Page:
PUCCINI La Rondine (Repušić)
Puccini’s wartime attempt to emulate the success of Lehár has always been the dark sheep of his output. But La rondine is arguably his most tender, open-hearted and charming work: eschewing grand passion, it is brief, packed with melody, disarmingly beautiful, and quietly and modestly tragic. There are echoes of La traviata, of course, but it might usefully be understood to have a similar relationship to La bohème as Strauss’s Arabella does to Der Rosenkavalier: an oft-misunderstood, ill-starred return to the site of previous triumph.
This is also reflected in the catalogue, with previous high-profile recordings spread out across the decades and existing primarily as vehicles for their prime donne: Anna Moffo in the 1960s, Kiri Te Kanawa (with Domingo) in the early 1980s. In the following decade, Angela Gheorghiu and Roberto Alagna (under the young Antonio Pappano) burst on to the scene with the work on EMI – a set that was crowned Gramophone’s Recording of the Year in 1997.
That recording is quite an act to follow, not least for Elena Moşuc, a Romanian like Gheorghiu. She does a good job in presenting a fully fledged character as Magda, though, especially as matters get more serious in the third act. Earlier on, where a cleanly soaring upper range is at a premium, the voice too often takes on a slightly acid tang and swoops around – a major drawback, alas, in this role.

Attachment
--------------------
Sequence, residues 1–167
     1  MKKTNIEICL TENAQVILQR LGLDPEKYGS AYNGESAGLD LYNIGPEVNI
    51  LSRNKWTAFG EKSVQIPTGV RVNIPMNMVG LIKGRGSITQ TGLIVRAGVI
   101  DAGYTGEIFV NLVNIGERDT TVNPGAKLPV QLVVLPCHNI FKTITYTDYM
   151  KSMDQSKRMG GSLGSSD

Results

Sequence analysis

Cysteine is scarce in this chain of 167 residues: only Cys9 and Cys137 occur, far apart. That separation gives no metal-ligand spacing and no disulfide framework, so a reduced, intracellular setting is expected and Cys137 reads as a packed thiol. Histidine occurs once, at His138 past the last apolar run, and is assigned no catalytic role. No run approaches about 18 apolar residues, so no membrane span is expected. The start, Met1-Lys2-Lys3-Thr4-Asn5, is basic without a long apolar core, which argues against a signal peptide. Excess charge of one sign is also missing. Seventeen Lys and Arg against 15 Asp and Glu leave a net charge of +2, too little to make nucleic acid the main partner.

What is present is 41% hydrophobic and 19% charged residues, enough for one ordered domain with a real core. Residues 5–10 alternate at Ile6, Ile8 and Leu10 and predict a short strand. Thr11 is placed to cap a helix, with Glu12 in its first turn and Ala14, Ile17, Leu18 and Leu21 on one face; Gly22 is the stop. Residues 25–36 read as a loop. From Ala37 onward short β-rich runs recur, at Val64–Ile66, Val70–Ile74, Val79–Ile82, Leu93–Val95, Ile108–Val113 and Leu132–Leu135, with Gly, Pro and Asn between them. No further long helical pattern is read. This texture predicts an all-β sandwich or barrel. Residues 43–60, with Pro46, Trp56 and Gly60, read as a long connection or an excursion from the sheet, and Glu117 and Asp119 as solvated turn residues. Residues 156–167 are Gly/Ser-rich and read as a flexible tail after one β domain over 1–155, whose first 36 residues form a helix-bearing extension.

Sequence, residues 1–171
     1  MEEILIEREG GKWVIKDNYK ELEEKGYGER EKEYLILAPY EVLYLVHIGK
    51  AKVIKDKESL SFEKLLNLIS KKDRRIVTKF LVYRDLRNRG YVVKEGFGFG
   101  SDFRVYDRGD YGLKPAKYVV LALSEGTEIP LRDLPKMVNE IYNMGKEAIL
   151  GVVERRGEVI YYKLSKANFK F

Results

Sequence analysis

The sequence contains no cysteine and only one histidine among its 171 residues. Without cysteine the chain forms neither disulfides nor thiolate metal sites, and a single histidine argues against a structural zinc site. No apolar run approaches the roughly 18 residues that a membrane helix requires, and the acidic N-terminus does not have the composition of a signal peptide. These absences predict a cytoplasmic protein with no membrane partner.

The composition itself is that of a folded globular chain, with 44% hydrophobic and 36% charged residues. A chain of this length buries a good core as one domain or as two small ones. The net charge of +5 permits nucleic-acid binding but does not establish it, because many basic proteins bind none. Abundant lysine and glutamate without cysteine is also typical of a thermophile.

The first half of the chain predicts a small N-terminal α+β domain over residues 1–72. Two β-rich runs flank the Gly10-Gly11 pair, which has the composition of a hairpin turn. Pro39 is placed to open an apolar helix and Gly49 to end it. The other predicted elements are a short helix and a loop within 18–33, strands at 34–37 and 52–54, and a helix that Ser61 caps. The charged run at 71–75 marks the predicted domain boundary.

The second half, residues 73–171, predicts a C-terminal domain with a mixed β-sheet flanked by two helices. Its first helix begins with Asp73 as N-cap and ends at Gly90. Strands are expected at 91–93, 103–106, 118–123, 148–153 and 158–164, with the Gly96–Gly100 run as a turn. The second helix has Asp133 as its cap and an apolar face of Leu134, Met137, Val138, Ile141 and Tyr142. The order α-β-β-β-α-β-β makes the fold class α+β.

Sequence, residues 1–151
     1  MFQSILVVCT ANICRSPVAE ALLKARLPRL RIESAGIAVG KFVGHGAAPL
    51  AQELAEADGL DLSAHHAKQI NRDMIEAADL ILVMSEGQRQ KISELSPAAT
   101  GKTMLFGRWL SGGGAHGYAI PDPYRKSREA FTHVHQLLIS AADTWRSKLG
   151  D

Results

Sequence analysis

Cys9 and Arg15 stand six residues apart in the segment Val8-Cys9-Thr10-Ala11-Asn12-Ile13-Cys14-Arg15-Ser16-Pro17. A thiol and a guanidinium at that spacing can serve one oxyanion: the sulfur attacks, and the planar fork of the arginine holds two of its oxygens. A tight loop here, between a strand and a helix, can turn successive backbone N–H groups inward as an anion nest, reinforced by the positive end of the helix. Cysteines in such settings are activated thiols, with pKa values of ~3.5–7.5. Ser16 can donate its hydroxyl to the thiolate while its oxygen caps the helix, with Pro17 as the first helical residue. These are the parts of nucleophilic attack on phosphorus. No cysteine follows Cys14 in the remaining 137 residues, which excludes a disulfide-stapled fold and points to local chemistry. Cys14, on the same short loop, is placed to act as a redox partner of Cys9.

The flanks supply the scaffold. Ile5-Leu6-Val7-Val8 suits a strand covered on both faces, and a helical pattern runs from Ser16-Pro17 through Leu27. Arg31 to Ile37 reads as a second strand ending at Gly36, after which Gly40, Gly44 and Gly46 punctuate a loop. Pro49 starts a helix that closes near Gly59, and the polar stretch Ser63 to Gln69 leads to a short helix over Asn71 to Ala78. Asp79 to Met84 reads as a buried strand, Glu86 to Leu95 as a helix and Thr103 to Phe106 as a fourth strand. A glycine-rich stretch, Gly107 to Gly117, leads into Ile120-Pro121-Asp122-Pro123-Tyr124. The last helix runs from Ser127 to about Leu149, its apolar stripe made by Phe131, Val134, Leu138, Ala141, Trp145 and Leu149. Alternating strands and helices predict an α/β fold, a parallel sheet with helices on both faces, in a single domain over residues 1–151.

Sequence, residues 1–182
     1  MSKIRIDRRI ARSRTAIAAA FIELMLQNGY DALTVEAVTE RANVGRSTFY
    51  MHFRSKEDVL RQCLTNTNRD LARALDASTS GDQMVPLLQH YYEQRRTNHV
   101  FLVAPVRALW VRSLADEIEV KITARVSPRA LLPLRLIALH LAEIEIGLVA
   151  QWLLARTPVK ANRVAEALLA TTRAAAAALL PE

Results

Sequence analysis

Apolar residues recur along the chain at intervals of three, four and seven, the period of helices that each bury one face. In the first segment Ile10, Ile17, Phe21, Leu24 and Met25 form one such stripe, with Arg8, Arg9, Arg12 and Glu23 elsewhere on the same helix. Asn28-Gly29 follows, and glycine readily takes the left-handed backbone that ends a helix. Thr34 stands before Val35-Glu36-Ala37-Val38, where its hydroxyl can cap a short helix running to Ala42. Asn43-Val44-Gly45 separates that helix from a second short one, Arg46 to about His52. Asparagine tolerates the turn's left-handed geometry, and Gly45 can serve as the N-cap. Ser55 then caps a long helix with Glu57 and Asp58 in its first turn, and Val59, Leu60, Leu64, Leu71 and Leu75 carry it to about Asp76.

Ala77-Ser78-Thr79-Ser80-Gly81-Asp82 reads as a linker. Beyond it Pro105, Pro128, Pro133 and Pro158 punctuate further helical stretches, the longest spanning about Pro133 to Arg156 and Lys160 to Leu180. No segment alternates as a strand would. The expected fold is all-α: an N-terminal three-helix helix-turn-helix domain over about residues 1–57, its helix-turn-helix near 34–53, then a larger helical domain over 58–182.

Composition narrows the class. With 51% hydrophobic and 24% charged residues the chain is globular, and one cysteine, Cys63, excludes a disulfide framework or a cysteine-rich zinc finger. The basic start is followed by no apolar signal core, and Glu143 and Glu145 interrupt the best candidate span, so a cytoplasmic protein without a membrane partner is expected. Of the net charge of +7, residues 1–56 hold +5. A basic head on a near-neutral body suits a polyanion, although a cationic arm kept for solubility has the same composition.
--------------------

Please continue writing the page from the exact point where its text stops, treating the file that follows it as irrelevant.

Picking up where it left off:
There’s much to enjoy in the rest of the cast, though, especially from Yosep Kang’s ardent and Italianate Ruggero: to my mind, this elegant tenor can stand comparison with any other performer of the role in the catalogue. Álvaro Zambrano is a suave and sweet-voiced Prunier, though not quite as flexible as Pappano’s William Matteuzzi. Evelin Novak sparkles as Lisette, and the rest of the smaller roles are very well taken.
Ivan Repušic´ does a good job with his new Munich orchestra (he began as their principal conductor at the start of the 2017 18 season). He elicits playing that is idiomatic and seductive, although the big waltz in Act 2 (disc 1, track 14, from 4'25") arguably feels a bit more beer hall than Moulin Rouge, and he can’t match the flexibility and sheer luxuriousness we get from Pappano.
CPO’s sound, too, sounds hard-edged when compared to the sumptuous yield and depth of that earlier recording. And be warned: though the booklet contains the libretto, the only translation we get is into German.